The trust has put measures into place to support the safety of staff, patients and visitors who need to attend its hospitals and community settings, including:

* Ensuring patients with suspected or confirmed cases of coronavirus will continue to be cared for on designated wards across the trust

* Patients awaiting planned surgery will be required to self-isolate for 14 days prior to coming into hospital and will be tested for coronavirus before their procedure goes ahead in line with the trust’s policy to test all patients on admission or before surgery

* Hand washing facilities and hand gel are available at all of the trust’s main hospitals and community settings

* Cleaning schedules of public areas have been increased

* Relevant wards have been reviewed to ensure there is at least 2m between the beds to allow for social distancing

* Testing of symptomatic staff and family will continue as per current guidelines, and additional capacity is in place to allow routine testing of staff in frontline roles showing no symptoms (asymptomatic) will support infection prevention and control measures

* Access to antibody testing is also available to trust staff and so far, more than 5,000 members of staff have registered to take part in the initiative. This will help to build understanding and knowledge of coronavirus and inform the clinical approach

Kate concluded: “Over the coming weeks, people waiting for treatment will be notified by the trust if their appointments have been rescheduled or if they are being deferred to a later date. If you are invited for an appointment, please do attend.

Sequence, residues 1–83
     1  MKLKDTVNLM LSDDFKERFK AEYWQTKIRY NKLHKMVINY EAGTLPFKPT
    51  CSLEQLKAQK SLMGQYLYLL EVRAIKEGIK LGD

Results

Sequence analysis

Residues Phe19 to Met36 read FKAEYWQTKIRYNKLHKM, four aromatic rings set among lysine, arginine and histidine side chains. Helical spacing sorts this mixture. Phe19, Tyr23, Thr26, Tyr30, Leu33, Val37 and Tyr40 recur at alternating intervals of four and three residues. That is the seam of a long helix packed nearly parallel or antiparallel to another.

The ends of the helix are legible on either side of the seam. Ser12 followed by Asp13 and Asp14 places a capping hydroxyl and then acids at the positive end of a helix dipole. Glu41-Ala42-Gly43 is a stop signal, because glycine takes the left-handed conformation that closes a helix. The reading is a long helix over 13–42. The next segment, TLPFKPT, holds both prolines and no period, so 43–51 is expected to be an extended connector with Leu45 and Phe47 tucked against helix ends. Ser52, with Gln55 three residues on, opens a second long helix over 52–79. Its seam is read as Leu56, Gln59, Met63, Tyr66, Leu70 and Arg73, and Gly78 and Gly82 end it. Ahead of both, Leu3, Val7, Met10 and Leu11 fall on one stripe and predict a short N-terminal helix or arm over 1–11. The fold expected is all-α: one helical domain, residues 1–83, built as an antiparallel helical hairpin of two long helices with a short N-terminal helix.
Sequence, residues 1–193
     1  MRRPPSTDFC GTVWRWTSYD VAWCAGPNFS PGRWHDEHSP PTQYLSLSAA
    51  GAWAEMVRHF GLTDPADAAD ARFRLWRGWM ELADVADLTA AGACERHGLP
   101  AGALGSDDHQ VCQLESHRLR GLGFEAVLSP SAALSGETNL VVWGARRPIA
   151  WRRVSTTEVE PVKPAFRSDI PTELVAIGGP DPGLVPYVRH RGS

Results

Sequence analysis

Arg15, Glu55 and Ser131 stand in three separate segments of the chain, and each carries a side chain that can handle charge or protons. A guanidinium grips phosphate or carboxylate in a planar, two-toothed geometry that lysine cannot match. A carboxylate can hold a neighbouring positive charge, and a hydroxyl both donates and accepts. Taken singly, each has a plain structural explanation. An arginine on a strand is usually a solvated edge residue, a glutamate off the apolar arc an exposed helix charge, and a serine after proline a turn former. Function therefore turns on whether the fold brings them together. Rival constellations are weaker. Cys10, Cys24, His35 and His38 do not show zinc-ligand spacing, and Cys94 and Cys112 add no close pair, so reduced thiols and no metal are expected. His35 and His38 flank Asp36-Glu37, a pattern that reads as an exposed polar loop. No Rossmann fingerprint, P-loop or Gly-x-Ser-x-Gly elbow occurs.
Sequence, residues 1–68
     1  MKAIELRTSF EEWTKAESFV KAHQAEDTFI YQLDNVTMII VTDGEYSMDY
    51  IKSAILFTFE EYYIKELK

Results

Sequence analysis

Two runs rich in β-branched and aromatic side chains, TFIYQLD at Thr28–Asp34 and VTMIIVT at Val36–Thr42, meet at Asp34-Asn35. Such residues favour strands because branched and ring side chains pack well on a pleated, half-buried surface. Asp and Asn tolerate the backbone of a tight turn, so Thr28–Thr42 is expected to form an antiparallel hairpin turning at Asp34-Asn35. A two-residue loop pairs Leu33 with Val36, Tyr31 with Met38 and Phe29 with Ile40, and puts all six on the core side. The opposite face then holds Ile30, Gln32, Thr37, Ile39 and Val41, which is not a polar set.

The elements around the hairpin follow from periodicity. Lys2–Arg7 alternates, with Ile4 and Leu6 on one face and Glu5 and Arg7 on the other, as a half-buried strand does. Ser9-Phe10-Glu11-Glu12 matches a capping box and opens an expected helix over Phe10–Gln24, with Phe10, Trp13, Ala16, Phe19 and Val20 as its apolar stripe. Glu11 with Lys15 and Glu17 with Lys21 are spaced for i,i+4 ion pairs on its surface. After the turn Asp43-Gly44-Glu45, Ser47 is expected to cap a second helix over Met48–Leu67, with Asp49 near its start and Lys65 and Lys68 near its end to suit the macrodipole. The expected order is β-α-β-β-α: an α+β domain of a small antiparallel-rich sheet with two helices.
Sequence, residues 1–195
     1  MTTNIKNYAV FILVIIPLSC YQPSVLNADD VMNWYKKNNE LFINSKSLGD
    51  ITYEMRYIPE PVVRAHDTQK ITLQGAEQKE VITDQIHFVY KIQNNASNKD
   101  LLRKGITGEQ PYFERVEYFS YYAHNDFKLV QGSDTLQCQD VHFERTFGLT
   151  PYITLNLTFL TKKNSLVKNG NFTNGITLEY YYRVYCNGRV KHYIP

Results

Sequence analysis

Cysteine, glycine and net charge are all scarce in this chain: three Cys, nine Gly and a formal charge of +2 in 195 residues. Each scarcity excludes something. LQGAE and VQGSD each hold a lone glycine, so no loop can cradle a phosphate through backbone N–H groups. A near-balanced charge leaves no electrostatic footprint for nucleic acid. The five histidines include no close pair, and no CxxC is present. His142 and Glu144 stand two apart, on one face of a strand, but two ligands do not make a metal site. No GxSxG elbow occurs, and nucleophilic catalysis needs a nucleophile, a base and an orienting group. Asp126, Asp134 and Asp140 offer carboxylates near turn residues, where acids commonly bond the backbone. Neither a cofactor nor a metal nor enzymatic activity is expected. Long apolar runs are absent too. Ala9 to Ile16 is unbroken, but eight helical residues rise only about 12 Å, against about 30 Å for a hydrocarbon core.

"We believe the measures we are putting into place for staff and patients will help to significantly reduce the risk of transmission of coronavirus so you can be assured that it is safe for you to come to hospital.

“Patients should be aware that they may be offered their appointment in a different area of the hospitals or at another location in our area. This will not only help us to see patients quicker but it will also allow us keep the risk of spreading the virus as low as possible.

“Although we are starting to restore some services, it doesn’t mean that the fight against coronavirus is over. We coped really well with the initial surge in admissions, which wasn’t as severe as the national modelling originally predicted because people listened to the advice and stayed at home.

“However, we are still treating patients with the virus and we have lost a large number of people from our local community so far. The virus is still circulating and we expect that we will continue to see new cases over the coming weeks and months so we all have to remain vigilant so we don’t put ourselves or our loved ones at greater risk.”

The trust has produced Frequently Asked Questions to assist patients and loved ones with any queries they may have about their postponed appointments or visiting hospitals or community settings. They can be accessed on the Covid-19 information pages on the trust’s website here